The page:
Judging by how many of my patients come in with stress-related physical maladies, I suspect the rest of this year will be very busy in my office.
Political seasons bring out the worst in us as a nation and as individuals, especially as polarized as we’ve become. The public debate around the election cycle has degenerated into groups of people calling each other names. Somewhere along the way, our schools stopped teaching the skills of tactfully presenting and defending an argument based on facts and logic. We’ve lost the ability to separate our thoughts from our feelings. Worse, we’ve developed a need to be validated and coddled.
We’ve become so self-interested and self-focused that we view any disagreement as a personal attack. A term I see more frequently in the news lately is “snowflake.” It’s used to describe people who are so emotionally fragile that they lash out at anyone who disagrees with them. That shuts down communication immediately. All learning ceases, just like that.
Every week, I dedicate Thursdays to the mental/emotional side of wellness. We call it “Think Right Thursday.” We’re multi-faceted beings, so physical wellness is incomplete without mental, emotional, spiritual, and interpersonal wholeness. Frankly, what I see online and on TV is interpersonal sickness, and the stress of it is eventually going to manifest in physical and mental sickness. That’s not my opinion: that’s how we’re designed.
Everyone Has A Voice And A Right
Social media has given every individual a platform to voice his/her opinion, for better or for worse. You may have noticed this, but when people make their statements online, it feels like they are declaring the “final word” on the matter. Maybe they feel like, because no one is in the room, challenging them to their face, the discussion is over and settled. That’s a false sense of finality, but it’s a popular one. I may feel like I’m safe and anonymous in the comfort of my office, but when I voice my opinion in the digital marketplace of Facebook, it’s just like I’m standing on a street corner.
To paraphrase Sir Isaac Newton, for every opinion there is an equal and opposite opinion. As long as we feel free to give voice to our opinions in the public square in our nation that cherishes the First Amendment, we have to be prepared that someone holds the opposite opinion and has the same freedom to voice it.
Free speech is a hot-button topic. People seem to want freedom of speech, as long as it doesn’t offend them. The problem is, as soon as you start imposing limits on a freedom, it stops being a freedom. People say they want freedom, but what they really want is security, in the form of limiting other people’s freedom. Ultimately, the question becomes: who gets to decide what speech is permissible and what speech should be limited? That question is being answered every day here in America, and the needle is moving toward stifling our freedom of speech to protect the snowflakes.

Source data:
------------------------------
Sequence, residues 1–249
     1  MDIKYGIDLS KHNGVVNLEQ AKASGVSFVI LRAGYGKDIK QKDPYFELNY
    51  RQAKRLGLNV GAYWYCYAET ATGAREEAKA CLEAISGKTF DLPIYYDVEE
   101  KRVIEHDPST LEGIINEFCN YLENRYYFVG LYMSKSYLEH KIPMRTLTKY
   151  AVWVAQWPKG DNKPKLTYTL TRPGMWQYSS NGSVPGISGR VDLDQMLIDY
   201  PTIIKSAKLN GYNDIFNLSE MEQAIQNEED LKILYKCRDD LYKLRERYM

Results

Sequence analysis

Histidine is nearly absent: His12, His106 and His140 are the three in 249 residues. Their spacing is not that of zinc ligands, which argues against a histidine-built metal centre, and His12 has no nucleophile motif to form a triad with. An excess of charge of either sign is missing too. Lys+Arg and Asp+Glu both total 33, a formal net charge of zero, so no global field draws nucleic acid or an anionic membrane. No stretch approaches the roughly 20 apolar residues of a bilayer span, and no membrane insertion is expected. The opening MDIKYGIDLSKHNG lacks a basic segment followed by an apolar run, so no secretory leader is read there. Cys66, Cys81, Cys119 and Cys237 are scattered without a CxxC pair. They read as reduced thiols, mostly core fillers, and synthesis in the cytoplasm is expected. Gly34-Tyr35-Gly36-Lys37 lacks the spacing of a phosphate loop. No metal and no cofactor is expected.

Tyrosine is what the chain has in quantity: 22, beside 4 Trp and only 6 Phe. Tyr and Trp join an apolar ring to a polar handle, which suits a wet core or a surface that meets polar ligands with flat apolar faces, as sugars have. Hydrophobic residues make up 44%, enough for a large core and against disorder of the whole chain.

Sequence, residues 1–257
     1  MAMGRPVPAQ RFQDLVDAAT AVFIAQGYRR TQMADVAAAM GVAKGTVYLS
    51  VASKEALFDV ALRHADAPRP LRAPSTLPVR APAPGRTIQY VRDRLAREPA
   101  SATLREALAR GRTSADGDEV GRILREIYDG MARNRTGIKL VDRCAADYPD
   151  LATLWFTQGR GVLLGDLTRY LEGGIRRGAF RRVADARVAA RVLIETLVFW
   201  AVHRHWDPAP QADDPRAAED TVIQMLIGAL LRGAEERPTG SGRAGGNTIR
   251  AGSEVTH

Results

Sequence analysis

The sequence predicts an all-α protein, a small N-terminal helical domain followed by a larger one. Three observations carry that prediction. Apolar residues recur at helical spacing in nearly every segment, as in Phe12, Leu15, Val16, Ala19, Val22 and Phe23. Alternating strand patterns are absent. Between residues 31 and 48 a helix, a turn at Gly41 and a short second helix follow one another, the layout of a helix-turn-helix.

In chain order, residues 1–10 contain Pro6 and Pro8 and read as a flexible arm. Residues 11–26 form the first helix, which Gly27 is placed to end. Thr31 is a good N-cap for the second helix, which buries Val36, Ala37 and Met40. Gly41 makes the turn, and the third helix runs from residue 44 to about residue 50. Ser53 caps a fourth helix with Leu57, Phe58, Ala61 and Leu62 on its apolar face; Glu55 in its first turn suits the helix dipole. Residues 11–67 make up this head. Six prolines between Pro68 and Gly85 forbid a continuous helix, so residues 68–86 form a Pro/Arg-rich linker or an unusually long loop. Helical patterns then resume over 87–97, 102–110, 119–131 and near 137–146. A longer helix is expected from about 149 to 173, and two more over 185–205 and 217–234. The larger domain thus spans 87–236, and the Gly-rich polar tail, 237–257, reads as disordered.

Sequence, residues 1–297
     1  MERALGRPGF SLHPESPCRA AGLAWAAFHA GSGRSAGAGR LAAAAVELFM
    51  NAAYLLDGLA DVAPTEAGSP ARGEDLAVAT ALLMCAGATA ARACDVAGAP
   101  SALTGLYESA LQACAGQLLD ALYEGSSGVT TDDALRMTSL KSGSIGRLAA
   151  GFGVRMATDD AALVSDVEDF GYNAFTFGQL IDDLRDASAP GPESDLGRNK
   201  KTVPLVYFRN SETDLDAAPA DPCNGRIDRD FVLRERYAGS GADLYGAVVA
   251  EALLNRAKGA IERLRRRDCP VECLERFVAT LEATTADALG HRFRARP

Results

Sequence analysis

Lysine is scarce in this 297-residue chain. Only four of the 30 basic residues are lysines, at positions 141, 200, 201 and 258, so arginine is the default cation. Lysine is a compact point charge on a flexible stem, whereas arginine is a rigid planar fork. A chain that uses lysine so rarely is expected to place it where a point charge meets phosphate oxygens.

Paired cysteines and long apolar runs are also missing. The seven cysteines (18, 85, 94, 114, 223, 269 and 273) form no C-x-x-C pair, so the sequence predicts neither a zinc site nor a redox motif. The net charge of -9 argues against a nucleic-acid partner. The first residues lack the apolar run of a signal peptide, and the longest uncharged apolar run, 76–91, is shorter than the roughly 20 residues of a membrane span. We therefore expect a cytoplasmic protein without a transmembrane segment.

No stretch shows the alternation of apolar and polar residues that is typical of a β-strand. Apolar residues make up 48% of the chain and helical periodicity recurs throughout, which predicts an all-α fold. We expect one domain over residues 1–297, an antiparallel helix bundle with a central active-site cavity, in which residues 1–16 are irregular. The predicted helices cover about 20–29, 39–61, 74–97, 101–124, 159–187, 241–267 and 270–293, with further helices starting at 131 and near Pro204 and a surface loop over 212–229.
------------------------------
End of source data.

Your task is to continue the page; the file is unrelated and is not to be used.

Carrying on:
And it’s all because we’ve lost the art of civil discourse.
How To Fight…And How Not To
So, since we’ve become so polarized, and in all likelihood, you’re going to find yourself in a situation where someone is challenging your opinion, let’s look at a couple of simple things you can do to defuse a confrontation, and a couple of things you DON’T want to do.
First of all, hiding and isolating yourself from people with different opinions won’t do you any good.
I’ve watched this strategy fail in the church my whole life. I meet people all the time who only want to do business with people of the same faith as them. They think it protects them from worldly influences, when in fact, it protects the world from ever hearing the Gospel. I think a lot of the moral decay in America is because Christians isolate themselves. You can’t be a positive force for change in your culture if you never go near it.
Even if you only talked to people from your same faith, there will still be people who believe differently. Just ask my friends from different denominations how they feel about the Holy Spirit. They’re all Christians, but they will tear each other’s hair out over that one doctrine.
Making a difference requires change, and change is uncomfortable, so you can’t expect everyone to be happy about it. Even Jesus said, “if you’re going to follow me, be ready for people to hate you.” (my paraphrase)
Anyway, be prepared for conflict. Don’t avoid it – embrace it. And take the high road. You don’t have to be a pushy, self-righteous jerk to change the world. In fact, you can’t. You have to win with kindness or you don’t win at all.
When someone disagrees with you, stop. Take a minute to do the following things:
- Turn Down the Heat: Take all the emotion out of the discussion. They have a right to their opinion, and it doesn’t affect your value as a person in any way.